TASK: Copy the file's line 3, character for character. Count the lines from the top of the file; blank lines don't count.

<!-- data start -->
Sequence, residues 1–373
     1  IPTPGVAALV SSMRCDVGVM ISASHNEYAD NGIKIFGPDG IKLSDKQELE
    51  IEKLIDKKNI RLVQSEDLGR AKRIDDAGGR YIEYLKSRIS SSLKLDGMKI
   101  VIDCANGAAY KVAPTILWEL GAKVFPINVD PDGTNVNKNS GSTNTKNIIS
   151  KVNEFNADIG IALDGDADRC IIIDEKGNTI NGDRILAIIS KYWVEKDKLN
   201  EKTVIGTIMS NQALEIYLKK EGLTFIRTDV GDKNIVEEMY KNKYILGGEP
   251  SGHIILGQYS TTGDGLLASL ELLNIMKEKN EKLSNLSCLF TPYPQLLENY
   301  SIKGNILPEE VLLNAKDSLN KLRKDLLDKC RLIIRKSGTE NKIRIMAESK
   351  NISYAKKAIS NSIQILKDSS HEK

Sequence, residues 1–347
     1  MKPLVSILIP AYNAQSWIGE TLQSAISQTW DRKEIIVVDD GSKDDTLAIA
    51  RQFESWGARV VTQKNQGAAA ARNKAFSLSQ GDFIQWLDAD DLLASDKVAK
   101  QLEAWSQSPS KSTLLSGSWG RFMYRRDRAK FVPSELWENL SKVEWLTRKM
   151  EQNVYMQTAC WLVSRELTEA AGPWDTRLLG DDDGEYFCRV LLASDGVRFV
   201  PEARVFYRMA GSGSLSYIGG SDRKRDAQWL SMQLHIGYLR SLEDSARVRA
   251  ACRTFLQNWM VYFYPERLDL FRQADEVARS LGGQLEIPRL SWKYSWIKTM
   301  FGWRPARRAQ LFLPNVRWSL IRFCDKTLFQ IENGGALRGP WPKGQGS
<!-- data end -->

    51  IEKLIDKKNI RLVQSEDLGR AKRIDDAGGR YIEYLKSRIS SSLKLDGMKI